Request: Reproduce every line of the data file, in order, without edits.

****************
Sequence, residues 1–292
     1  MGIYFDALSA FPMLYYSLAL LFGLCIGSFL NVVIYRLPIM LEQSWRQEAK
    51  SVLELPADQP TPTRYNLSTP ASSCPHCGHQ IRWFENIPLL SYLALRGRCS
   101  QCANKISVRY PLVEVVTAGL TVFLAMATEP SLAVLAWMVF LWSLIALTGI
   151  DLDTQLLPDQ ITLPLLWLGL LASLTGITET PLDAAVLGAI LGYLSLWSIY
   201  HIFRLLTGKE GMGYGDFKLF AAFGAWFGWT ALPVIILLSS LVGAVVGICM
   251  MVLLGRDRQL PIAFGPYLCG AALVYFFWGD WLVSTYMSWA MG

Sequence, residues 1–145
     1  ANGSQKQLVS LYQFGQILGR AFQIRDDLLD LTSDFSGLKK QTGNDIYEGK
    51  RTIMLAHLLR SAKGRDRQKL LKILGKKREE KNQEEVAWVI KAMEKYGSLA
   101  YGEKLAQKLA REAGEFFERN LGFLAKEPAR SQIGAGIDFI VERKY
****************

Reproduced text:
Sequence, residues 1–292
     1  MGIYFDALSA FPMLYYSLAL LFGLCIGSFL NVVIYRLPIM LEQSWRQEAK
    51  SVLELPADQP TPTRYNLSTP ASSCPHCGHQ IRWFENIPLL SYLALRGRCS
   101  QCANKISVRY PLVEVVTAGL TVFLAMATEP SLAVLAWMVF LWSLIALTGI
   151  DLDTQLLPDQ ITLPLLWLGL LASLTGITET PLDAAVLGAI LGYLSLWSIY
   201  HIFRLLTGKE GMGYGDFKLF AAFGAWFGWT ALPVIILLSS LVGAVVGICM
   251  MVLLGRDRQL PIAFGPYLCG AALVYFFWGD WLVSTYMSWA MG

Sequence, residues 1–145
     1  ANGSQKQLVS LYQFGQILGR AFQIRDDLLD LTSDFSGLKK QTGNDIYEGK
    51  RTIMLAHLLR SAKGRDRQKL LKILGKKREE KNQEEVAWVI KAMEKYGSLA
   101  YGEKLAQKLA REAGEFFERN LGFLAKEPAR SQIGAGIDFI VERKY